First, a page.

ADDED: Thanks to Don Brubeck for this photo of some of the festival performers:
You might have noticed this response on your way to or from the 1st Avenue South Bridge: Seattle Fire was called to the transfer station on South Kenyon for what turned out to be a “smoldering garbage” fire. They put it out quickly, and no one is hurt.
One our area’s most-passionate advocates is retiring and moving away. As noted in our daily event list, a gathering Saturday in South Park was a sendoff for James Rasmussen, who’s spent 20 years with the Duwamish River Community Coalition, most recently as its Superfund Manager. from the DRCC’s announcement of his departure:
Having represented the Duwamish Tribe on the organization’s Advisory Council for 10 years before joining the staff as Executive Director/Coordinator, as a member of the Duwamish Tribal Council for 26 years, and as the founding Director of the Duwamish Tribe’s Longhouse and Cultural Center, James has been a consistent and active voice in environmental, habitat, and community issues along the Duwamish River and in the Seattle region for over 30 years. He played a fundamental role in the Environmental Protection Agency’s formation of the Duwamish Superfund Roundtable, which will inform the next phase of the Cleanup Plan, and is a beloved and legendary figure within the community as well as further afield for his great depth of knowledge of the River, its history, as well as the science of the Superfund cleanup.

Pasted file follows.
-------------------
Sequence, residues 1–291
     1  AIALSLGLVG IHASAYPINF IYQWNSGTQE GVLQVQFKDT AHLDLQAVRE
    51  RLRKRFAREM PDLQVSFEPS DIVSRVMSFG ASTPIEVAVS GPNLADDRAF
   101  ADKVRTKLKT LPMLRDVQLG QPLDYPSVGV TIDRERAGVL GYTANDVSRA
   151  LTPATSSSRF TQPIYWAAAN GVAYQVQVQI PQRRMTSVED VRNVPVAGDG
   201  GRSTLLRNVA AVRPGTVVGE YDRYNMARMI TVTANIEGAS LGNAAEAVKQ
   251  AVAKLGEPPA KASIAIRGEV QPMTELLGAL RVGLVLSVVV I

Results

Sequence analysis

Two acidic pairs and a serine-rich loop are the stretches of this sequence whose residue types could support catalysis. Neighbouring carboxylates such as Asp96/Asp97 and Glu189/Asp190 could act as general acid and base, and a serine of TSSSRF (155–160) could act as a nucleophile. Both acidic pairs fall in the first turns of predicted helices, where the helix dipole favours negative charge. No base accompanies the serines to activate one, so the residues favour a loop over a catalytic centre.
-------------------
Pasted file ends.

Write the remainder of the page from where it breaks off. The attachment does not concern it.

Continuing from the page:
James is much sought-after as a public speaker and allyship for his serene yet tireless advocacy for a clean and healthy River and River Valley. He will be missed greatly and we wish him a peaceful and satisfying retirement—as Duwamish Valley community members, we owe him a debt that can never be repaid. He has our deep gratitude for pushing policy-makers and Responsible Parties to work towards a better environment.
Rasmussen is moving to Las Vegas to be with family. With him in the photo above are, at left, DRCC executive director Paulina López and, center, Duwamish Tribe chair Cecile Hansen. One month ago, when the tribe announced its legal action to secure full federal recognition, Rasmussen was among the speakers, declaring, “The recovery of the Duwamish River must include the restoration of the Duwamish Tribe.”
12:18 AM: Tuesday evening, police arrested four north-end bank-robbery suspects in South Park and White Center. It was a relatively lengthy helicopter-assisted operation, and the Guardian One crew has released video this past hour showing how it unfolded.
11:12 AM: The King County Prosecuting Attorney’s Office says that the four suspects will have bail hearings on Thursday, since they weren’t booked into jail until early this morning.
(Traffic-camera image, looking east from South Park side)
The eight-year-old South Park Bridge is (corrected) owned by King County, which sent an alert about maintenance work planned all day tomorrow; 8 am-4 pm Tuesday (April 5th), the bridge “will intermittently be reduced to one of two lanes in both directions. The lane closures are needed to allow maintenance crews room to clean the drainage systems and expansion joints on the bridge.”
No big presentations or special guests at this month’s online meeting of the District 1 Community Network, a coalition of advocates from all around West Seattle and South Park. Instead, attendees shared a variety of quick updates and announcements.
WEST SEATTLE BEE FESTIVAL: It will return this year, in May, reported Cindi Barker of the Emergency Communication Hubs, who will be participating with preparedness info, as in the past. May 21st is the date. She also said a preparedness event is in the works for South Park’s Marra Farm in the next few months.
HIGHLAND PARK: Donna Burns reported that the HP Improvement Club is planning an event for June 25th, which will mark one year since the fire that closed the HPIC building – details to come. This month’s meeting of HPAC, meantime, will feature SDOT – that’s set for Wednesday, March 23rd, online.